Tauranga Orchid Show winners

Not surprisingly Tauranga Orchid Society member Craig Parsons won large for his HUGE Dendrobium nobile that came complete with a section of tree trunk! Craig told the story of this plant in a 2018 post on the Tauranga Orchid Society website. Read it here. Craig’s plant won both the Natalie Simmonds Trophy for Champion Specimen Plant and the Grand Champion title.

Craig Parsons holds the Grand Champion tray, while beside him is the Natalie Simmonds Memorial Trophy for Champion Specimen Plant. Photo: Sandra Simpson
How big is the plant? This shot of it being prepared for its official photo gives some idea. From left, Craig Parsons, Chris Hubbert (Orchid Council of NZ) and Ute Rank. Photo: Sandra Simpson
Reserve Champion was Miltoniopsis Princess Diana ‘Red Baron’, a so-called pansy orchid grown by Hubert Musiers and Tania  Langen (Ninox Orchids) of Whangarei. Photo: Sandra Simpson
The Alec Roy Memorial Cup for Champion Cymbidium went to Cym. Night Jasmine ‘Kannika’ x Devonianum, bred and grown by Andy Price of Whakatane (Hinemoa Orchids). Photo: Sandra Simpson
It’s not often you have the person an orchid was named for and the orchid bearing that name in the same room, but here’s Kannika Price beside the orchid that bears her name. Photo: Sandra Simpson

Champion display: Helen McDonald 1st, Leroy Orchids (Whenuapai) 2nd, Patricia Hutchins (Sunvale Orchids, Gisborne) 3rd. All small displays and all beautifully presented. Great to see Helen and Patricia (both TOS members) do so well.

Tauranga Orchid Show

Great buzz on the show’s first day – don’t forget to come and see it ‘live’ tomorrow and Sunday, 10am-4pm. Here are a few photos to whet your appetite …

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The Asia stand. Photo: Sandra Simpson

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Lots of koalas on the Australia stand. Photo: Sandra Simpson

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The Latin America stand is full of colour. The Asia stand. Photo: Sandra Simpson

It’s a good time of year to see beautiful Cymbidiums.

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Cymbidium devonianum x Night Jasmine ‘Kannika’, bred and grown by Andy Price of Hinemoa Orchids. Photo: Sandra Simpson

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This unnamed beauty was on the Asia stand of the Tauranga Orchid Society. Photo: Sandra Simpson

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Cymbidium Mont Niron ‘Trinity’, grown by Kevin Davey of the BOP Orchid Society. Photo: Sandra Simpson

Ringmaster Barry back in action

Barry Curtis could be called the voice of the Tauranga Orchid Show, thanks to the popular repotting demonstrations he has been running for several years – and he will be back again at this year’s show from Friday to Sunday at Tauranga Racecourse.

“I saw it as something I could do,” says Barry, who has been president of the Tauranga Orchid Society for about 10 years. “Having been a school principal, I am confident speaking to groups.”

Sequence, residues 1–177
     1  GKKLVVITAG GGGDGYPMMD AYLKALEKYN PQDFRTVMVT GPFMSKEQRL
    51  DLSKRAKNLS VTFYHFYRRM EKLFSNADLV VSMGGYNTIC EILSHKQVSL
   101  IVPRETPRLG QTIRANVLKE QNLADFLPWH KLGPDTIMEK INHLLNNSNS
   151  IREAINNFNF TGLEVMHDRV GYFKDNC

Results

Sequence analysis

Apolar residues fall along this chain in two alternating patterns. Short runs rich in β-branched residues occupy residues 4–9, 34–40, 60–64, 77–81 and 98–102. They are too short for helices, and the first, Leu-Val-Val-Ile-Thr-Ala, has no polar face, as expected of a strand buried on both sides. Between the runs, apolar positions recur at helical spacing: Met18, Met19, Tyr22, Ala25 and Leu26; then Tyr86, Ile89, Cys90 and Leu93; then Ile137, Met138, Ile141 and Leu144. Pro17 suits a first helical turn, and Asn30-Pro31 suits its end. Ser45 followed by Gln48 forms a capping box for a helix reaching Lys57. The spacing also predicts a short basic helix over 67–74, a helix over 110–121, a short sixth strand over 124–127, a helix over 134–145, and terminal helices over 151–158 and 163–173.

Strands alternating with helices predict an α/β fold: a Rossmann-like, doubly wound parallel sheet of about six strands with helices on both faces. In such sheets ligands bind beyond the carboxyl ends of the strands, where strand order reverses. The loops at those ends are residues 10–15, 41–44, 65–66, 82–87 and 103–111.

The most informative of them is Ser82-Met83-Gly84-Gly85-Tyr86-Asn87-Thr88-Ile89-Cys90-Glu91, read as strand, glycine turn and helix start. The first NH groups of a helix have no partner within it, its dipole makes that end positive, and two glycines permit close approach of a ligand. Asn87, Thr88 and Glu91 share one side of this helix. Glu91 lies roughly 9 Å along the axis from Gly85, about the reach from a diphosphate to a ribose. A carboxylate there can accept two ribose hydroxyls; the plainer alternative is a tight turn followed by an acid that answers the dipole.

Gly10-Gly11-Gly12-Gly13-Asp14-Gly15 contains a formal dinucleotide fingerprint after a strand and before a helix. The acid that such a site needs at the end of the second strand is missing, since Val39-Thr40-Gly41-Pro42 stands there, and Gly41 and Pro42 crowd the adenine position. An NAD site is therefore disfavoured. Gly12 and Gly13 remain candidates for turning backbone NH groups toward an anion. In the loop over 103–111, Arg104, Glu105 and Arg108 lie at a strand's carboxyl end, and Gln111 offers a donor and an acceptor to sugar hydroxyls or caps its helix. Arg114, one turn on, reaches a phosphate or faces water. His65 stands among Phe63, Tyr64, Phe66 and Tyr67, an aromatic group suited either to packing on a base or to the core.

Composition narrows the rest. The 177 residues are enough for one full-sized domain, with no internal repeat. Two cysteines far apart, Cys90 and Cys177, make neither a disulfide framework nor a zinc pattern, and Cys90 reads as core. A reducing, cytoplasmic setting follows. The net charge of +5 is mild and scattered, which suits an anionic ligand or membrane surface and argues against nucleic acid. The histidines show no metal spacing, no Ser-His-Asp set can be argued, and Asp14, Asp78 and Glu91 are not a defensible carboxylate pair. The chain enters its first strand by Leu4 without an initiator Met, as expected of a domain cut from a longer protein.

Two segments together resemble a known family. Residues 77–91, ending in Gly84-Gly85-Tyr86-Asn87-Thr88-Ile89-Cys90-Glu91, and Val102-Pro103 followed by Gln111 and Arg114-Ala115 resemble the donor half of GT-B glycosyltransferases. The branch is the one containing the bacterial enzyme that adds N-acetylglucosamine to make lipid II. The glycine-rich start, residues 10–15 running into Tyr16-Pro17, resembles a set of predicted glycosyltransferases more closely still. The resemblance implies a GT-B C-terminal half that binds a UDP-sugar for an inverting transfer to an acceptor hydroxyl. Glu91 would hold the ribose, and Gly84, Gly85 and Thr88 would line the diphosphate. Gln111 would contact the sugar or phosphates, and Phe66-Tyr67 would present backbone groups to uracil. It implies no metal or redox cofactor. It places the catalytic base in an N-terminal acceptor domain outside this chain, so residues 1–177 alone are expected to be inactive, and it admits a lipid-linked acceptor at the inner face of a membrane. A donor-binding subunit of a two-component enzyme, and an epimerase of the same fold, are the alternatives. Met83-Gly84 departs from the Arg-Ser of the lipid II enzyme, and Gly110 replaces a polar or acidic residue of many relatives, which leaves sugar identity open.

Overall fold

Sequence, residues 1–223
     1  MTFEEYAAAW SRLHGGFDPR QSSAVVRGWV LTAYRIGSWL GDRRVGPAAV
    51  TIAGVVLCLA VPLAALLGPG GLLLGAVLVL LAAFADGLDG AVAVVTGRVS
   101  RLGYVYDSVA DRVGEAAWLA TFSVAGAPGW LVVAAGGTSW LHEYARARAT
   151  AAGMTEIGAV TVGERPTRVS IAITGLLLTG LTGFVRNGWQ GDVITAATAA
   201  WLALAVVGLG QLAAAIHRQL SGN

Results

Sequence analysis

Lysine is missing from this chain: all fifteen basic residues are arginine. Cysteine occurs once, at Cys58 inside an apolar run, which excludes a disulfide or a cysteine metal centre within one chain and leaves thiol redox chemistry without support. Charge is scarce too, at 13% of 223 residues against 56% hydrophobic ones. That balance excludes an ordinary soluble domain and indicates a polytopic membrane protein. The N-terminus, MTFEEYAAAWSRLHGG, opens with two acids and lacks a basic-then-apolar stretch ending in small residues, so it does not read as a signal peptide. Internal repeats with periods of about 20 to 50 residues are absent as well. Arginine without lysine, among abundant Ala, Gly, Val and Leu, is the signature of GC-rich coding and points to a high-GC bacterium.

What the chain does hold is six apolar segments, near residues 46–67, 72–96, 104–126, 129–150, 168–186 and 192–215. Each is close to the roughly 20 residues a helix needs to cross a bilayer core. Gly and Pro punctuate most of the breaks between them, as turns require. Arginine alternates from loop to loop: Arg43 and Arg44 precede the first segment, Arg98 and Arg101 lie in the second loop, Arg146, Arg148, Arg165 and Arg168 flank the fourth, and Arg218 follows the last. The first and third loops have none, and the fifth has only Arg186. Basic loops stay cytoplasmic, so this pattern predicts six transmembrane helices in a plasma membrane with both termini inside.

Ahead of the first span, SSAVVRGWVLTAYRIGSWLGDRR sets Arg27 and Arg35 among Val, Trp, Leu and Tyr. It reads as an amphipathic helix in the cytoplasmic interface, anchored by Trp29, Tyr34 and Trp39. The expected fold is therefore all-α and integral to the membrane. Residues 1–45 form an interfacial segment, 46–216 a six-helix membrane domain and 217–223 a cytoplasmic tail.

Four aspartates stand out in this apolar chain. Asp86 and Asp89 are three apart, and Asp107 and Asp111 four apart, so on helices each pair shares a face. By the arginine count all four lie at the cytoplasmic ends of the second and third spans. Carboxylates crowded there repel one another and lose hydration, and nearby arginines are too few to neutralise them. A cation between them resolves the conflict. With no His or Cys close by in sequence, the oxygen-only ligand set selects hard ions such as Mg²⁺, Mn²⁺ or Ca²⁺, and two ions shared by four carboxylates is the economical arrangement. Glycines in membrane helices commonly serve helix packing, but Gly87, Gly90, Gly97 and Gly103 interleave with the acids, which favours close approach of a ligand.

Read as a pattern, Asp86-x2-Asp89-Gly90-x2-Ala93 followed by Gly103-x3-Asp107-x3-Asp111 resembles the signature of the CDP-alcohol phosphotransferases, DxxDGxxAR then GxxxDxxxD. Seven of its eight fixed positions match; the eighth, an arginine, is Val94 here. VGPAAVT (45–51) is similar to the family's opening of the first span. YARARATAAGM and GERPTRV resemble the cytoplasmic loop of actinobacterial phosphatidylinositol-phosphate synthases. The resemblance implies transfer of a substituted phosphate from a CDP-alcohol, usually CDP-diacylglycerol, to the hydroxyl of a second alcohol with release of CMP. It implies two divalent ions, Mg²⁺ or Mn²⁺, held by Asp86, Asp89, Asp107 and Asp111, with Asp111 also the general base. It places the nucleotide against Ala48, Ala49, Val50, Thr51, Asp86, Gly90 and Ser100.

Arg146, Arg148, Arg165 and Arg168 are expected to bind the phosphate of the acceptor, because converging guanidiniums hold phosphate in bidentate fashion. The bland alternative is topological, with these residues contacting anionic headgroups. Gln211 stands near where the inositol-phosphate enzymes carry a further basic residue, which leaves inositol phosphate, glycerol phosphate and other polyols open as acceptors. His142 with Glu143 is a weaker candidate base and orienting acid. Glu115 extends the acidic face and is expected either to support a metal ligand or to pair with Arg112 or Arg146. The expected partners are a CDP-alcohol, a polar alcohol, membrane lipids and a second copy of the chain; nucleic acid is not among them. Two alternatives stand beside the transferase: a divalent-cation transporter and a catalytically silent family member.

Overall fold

After retiring from teaching in Auckland, Barry and wife Elizabeth moved to Tauranga to run a motel and also grew callas commercially in Pyes Pa. The couple shifted to just south of Katikati about 11 years ago.

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Barry Curtis with some of his beloved cymbidiums. Photo: Sandra Simpson

“My Dad grew a few cymbidiums in his tomato house and, when he was no longer able to care for them, I took them on,” Barry says. “I’ve always liked taking a plant and seeing what will come out of it – it doesn’t have to be the biggest or the best to interest me.”

Most hobby orchid growers start with cymbidiums and move on to more exotic plants but Barry has hundreds of the easy-to-grow beauties in his collection.

“The great thing about cymbidiums is that you don’t need an orchid house – they’re happy in the garden, particularly under trees. I keep mine in pots and growing bags so when they flower I can move them to the front door and enjoy them for months.”

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Cymbidiums love the outdoor conditions at Te Puna Quarry Park. Photo: Sandra Simpson

Barry, who is also a volunteer in the orchid garden at Te Puna Quarry Park, says that when it comes to growing orchids outside the only no-no is full (burning) sun. Filtered light is perfect.

“Pot them in bark, not soil, and put them in a pot that is only just big enough for the roots, otherwise it takes too long for the plant to feel happy. Orchids need repotting when the bark starts to break down because the soil-like crumbs suffocate the roots – in the wild, the vast majority of orchids don’t grow in soil so need air round their roots.”

In his talks, Barry also shares easy-to-understand information on how a cymbidium grows, including what the pseudo-bulbs do (food storage) and how to split a mature plant.

He says people often worry about which fertiliser to use but “you can use any house plant fertiliser if it is mixed below half the strength it says on the container”. Otherwise, his recommendation is to throw on a handful of slow-release fertiliser twice a year. Barry makes up a special slow-release mix for orchids that is available at the show for a reasonable price.

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Whakatane grower Andy Price specialises in unusually coloured cymbidiums. Photo: Sandra Simpson

Read my story about orchid shows from this month’s New Zealand gardener.

To find a New Zealand orchid show in an area near you, go here. September and October are prime months for shows. Orchid shows around the North Island are on the Events page on this website.